- 5. International Journal of Applied Engineering Research ISSN 0973-4562 Volume 13, Number 12 (2018) pp. 10169-10174 © Research India Publications. http://www.ripublication.com 10173 ICT by teachers was 39% for the lowest value and 52% for the highest value. According to the international standards used in the model, it is determined that at the time of the evaluation, teachers should obtain a percentage of 50% of output equivalent to an up-to-date teacher in the use and appropriation of ICT. The arithmetic average calculated for the output was 45.13%, this indicates that it is necessary for teachers to continue with the training path suggested by the model. In this way, those who did not reach 50% of the qualification will qualify and those who obtained more than 50% will keep their qualification up to date according to the international standards for higher education teachers in the 21st century. Table 2. Statistical calculations of the application of the model N Minimum Maximum Media Standard Deviation FTIC 30 ,13 ,22 ,1640 ,02143 FDYP 30 ,09 ,18 ,1217 ,02151 FINV 30 ,11 ,20 ,1657 ,02635 Z 30 39,00 52,00 45,133 3,46145 N válido (por lista) 30 In table 2, the statistical calculations are shown. For the specific case of the Z output, it is observed that the standard deviation was 3.46, this indicates that the range is between 41.67% and 48.59% in normalized values. Model consistency was performed using the normal probability technique and the normal probability graph. For the distribution parameters, presentan is provided in table 102, with values of 0.1640 for FTIC, 0.1217 for FDYP, 0.1657 for FINV and for Z a value of 45.13. Table 3. Estimated distribution parameters of the applied model FTIC FDYP FINV Z1 Distribución normal Ubicación ,1640 ,1217 ,1657 45,1333 Escala ,02143 ,02151 ,02635 3,46145 According to the normal distribution graph, the measured points of each variable are expected to be on the straight line f(x)=x, which represents the desired data. In the case of the application of the SMARTIC model, the consistency in the distribution of the data was determined by indicating that all the variables of the model presented a standardized distribution, this can be seen in figure 2. Figure 2. Standardized distribution of the SMARTIC model application CONCLUSIONS A useful model was designed to evaluate the use and appropriation of ICT in higher education teachers, using the topology of artificial neural networks, with input layer, process layer and output layer. This topology was selected from the different network topologies that can be constructed, based on the topology of the multilayer perceptron. The assessment model integrates the models focused on the teacher's profile and self-assessment. The input variables are aimed at measuring the level of training, work experience in ICT, research and teaching, the factor of use, appropriation and training. These factors were determined by a self- assessment of the teacher on a numerical scale from zero to ten, finally the training path node that measures the training undertaken within the ICT standards for the current higher education teacher. The input variables are multiplied by the weights assigned by the expert criteria, the result enters the processing layer where the technology, research, didactics and pedagogy node is located. In the process of selecting the weighting methodology, it was determined that the Delphi ("multi-criteria") methodology allowed each factor to be weighted depending on the experience of professionals in the area, and in turn to use statistical techniques to find the central tendency of the weightings carried out. Mathematical modeling was based on linear combinations represented by a mathematically adequate structure. With respect to the appropriation that teachers have of information and communication technologies, it was determined that with an average evaluation of 25.8% they are in a low degree of appropriation, the characteristics of low level are associated with ICT for scientific publications, development of video games, App, virtual laboratories and instructional design, this leads to the teaching processes lack incorporation of innovative, current and modern educational technology that are in accordance with current standards. In an intermediate grade with a 50% of qualification are the characteristics associated with the incorporation of ICT, EVA management, production of VPAs and EVAs, scientific or academic networks, ICT strategies and virtual worlds. The characterization regarding the appropriation of ICT by teachers indicates that it is necessary to establish action plans that lead to the improvement of the technological channels of ICT management, training and production applied to teaching processes.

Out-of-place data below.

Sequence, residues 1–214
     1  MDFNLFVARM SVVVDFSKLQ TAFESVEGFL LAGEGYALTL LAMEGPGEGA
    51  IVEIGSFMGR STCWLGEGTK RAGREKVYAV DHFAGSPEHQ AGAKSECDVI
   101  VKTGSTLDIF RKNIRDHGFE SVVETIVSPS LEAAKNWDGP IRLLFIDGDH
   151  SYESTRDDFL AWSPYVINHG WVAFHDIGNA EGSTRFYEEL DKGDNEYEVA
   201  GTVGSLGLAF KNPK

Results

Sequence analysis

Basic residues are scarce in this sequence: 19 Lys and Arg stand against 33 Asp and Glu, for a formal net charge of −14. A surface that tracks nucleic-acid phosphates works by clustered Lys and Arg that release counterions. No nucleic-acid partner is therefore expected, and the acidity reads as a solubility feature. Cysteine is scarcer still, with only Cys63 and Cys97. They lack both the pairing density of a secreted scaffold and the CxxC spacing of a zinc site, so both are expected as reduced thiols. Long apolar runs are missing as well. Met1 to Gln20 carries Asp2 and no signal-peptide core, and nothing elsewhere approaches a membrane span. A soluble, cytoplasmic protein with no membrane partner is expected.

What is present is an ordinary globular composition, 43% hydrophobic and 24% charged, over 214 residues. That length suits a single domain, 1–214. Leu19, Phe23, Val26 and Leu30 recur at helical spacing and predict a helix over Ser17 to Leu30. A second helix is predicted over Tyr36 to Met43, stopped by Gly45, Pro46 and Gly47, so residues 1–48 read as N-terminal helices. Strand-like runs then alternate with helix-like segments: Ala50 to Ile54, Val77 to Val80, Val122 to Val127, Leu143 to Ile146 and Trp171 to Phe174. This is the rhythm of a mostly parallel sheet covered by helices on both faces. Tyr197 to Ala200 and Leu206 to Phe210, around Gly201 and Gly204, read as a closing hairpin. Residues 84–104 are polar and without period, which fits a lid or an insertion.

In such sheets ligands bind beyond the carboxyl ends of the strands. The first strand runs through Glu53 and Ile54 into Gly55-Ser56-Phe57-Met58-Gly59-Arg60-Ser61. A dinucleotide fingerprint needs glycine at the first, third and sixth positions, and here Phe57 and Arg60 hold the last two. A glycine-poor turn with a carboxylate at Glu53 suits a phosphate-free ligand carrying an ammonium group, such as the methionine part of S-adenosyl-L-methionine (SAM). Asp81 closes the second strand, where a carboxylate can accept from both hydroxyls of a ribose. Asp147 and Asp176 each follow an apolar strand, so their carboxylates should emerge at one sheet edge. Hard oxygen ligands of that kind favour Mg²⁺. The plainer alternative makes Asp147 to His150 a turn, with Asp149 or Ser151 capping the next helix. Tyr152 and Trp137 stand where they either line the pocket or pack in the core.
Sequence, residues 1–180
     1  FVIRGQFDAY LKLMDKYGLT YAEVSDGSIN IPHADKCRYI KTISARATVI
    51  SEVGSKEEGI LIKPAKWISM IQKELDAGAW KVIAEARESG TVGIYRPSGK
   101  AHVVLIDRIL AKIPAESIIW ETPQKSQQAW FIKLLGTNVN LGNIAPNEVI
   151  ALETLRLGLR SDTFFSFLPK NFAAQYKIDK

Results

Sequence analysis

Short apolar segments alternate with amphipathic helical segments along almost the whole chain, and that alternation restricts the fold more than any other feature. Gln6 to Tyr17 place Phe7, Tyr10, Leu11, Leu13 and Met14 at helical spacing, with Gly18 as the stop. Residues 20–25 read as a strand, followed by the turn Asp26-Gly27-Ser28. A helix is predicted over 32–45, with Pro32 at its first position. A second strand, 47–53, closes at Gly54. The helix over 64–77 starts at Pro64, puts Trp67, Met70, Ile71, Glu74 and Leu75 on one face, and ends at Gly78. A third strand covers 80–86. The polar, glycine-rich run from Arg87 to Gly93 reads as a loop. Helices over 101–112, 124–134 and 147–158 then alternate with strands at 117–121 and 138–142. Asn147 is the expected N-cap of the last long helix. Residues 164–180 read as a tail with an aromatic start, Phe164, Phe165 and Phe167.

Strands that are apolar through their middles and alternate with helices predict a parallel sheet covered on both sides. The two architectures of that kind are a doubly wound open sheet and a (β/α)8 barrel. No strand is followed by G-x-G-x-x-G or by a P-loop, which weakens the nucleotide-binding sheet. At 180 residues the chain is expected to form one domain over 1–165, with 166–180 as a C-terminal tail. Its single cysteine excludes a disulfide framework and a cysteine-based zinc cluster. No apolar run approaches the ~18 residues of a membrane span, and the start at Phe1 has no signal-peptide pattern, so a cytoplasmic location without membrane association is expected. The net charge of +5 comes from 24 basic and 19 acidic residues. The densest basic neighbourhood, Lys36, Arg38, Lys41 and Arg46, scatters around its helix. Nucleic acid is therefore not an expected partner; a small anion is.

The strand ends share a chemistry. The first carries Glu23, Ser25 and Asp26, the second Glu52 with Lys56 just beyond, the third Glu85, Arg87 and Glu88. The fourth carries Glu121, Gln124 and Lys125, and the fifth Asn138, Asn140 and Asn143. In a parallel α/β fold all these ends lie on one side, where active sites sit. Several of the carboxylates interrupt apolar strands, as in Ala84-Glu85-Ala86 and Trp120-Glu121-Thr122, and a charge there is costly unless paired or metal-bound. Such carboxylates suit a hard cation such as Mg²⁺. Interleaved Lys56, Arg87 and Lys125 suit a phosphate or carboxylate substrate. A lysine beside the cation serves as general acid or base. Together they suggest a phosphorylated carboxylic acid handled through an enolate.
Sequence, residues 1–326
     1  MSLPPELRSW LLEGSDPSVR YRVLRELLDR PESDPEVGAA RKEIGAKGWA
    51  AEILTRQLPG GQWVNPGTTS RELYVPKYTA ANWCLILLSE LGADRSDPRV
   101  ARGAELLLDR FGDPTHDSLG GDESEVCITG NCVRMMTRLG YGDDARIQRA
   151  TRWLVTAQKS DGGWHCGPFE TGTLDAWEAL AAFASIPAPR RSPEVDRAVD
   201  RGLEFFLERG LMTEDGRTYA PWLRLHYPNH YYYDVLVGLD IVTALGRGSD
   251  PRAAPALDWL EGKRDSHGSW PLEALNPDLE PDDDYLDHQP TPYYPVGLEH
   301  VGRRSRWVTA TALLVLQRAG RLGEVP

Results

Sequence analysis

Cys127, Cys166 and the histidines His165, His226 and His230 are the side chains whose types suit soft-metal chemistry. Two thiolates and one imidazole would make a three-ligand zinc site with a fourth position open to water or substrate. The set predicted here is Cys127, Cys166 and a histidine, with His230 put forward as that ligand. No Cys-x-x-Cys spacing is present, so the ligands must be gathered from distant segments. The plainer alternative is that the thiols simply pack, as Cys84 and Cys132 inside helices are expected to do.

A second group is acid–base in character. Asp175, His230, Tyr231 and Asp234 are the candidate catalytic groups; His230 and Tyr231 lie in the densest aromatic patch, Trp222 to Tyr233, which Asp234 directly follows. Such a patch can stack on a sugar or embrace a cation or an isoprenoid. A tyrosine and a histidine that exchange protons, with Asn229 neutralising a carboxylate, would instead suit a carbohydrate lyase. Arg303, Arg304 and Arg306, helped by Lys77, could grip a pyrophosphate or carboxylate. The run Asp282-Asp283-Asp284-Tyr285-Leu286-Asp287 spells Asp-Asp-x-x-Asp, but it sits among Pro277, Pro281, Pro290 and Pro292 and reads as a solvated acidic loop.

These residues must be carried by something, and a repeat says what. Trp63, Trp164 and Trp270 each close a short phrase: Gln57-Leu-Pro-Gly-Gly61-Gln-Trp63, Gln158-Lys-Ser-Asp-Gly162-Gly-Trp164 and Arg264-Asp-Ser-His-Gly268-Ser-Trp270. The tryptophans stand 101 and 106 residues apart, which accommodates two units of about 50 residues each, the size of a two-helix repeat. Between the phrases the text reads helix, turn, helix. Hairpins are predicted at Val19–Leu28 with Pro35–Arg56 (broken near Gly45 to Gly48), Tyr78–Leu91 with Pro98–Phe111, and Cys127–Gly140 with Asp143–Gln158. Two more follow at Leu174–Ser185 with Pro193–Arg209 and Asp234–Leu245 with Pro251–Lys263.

- 6. International Journal of Applied Engineering Research ISSN 0973-4562 Volume 13, Number 12 (2018) pp. 10169-10174 © Research India Publications. http://www.ripublication.com 10174 Training in the use and appropriation of information and communication technologies is fundamental for the qualification of teachers with respect to ICT standards, therefore it is of vital importance to establish the training received and at what level it is. For this reason, a measurement was made of the training received by the teachers under study in the use and appropriation of ICTs, establishing that 70% of the teachers received training in the use and appropriation of ICTs, 55% in didactic and pedagogical training and 45% in training for scientific and technological activities and tools. From the foregoing, it can be seen that it is necessary to strengthen ICT training that allows teachers to qualify for the use and appropriation of the current technologies that they contribute to teaching processes. REFERENCIAS [1] K. Romero-Ruiz et al., “Information and Communication Technologies Impact on Family Relationship,” Procedia - Soc. Behav. Sci., vol. 237, no. June 2016, pp. 30–37, 2017. [2] J. Vargas-Guativa, J. Arango, and L. Isaza, “Estrategia instruccional para la formación de profesores de Ingeniería Civil en el uso de tic,” Ing. Solidar., vol. 10, no. 17, pp. 161–174, 2014. [3] Z. Minli and Q. Shanshan, “Research on the Application of Artificial Neural Networks in Tender Offer for Construction Projects,” Phys. Procedia, vol. 24, pp. 1781–1788, 2012. [4] I. A. Basheer and M. Hajmeer, “Artificial neural networks: Fundamentals, computing, design, and application,” J. Microbiol. Methods, vol. 43, no. 1, pp. 3–31, 2000. [5] G. Siemens, “Connectivism: a learning theory for the digital age,” Int. J. Instr. Technol. Distance Learn., vol. 2, pp. 1–9, 2005. [6] M. Fullan, “El significado del cambio educativo: un cuarto de siglo de aprendizaje.,” Rev. currículum y Form. del Profr., vol. 6, no. 1998, pp. 1–14, 2002. [7] P. Mishra and M. J. Koehler, “Technological Pedagogical Content Knowledge: A Framework for Integrating Technology in Teacher Knowledge,” Teach. Coll. Rec., vol. 108, no. 6, pp. 1017–1054, 2006. [8] Y. C. Mota, “Redes neuronales artificiales en la producción de tecnología educativa para la enseñanza de la diagonalización,” Rev. Acad. y Virtualidad, vol. 8, no. 1, pp. 12–20, 2015. [9] J.Vargas and L.Isaza, Teacher training plan for the use of ICT in civil engineering, 1st ed. Saarbrucken Deutschland: Editorial Academica Española, 2016. [10] L. Isaza, J. Vargas, and C. Preciado, “Estrategia pedagógica para la apropiación del uso de las tecnologías de la información y la comunicación (TIC) para docentes de educación superior,” Rev. Virtual Univ. Católica del Norte, vol. 49, pp. 92–109, 2016. [11] S. A. Uzakbaeva and S. Zholdasbekova, “The Main Problems of System’s Modernization of Vocational Training of Pedagogical Shots in The Republic of Kazakhstan,” Procedia - Soc. Behav. Sci., vol. 185, pp. 421–427, 2015. [12] F. Rossi, “Artificial Intelligence: Potential Benefits and Ethical Considerations KEY FINDINGS,” p. 8, 2016. [13] A. Kaklauskas, Biometric and Intelligent Decision Making Support, vol. 81. 2015. [14] P. Ponce, Inteligencia artificial con aplicaciones a la ingenieria, Primera. Mexico, 2010. [15] P. I. Viñuela and I. M. Galván, “Book Review : Redes Neuronales Artificiales . Un Enfoque Práctico Pearson Educación , 2004 ISBN 84-205-4025-0,” vol. 4, no. 2, pp. 122–123, 2004. [16] A. Jain and J. Mao, “Artificial Neural Networks: A tutorial.” pp. 31–44, 1996. [17] I. Cañadas and A. Sánchez, “CATEGORÍAS DE RESPUESTA EN ESCALAS TIPO LIKERT,” Psicothema, vol. 10, no. 3, pp. 623–631, 1998. [18] E. Rios, Ja. Vargas, and Lauren Isaza, Estrategia de Aprendizaje En Educación Basica, 1st ed. Editorial Academica Española, 2017. [19] J.Hurtado, Holistic research methodology. Fundacite- SYPAL Caracas, 2000.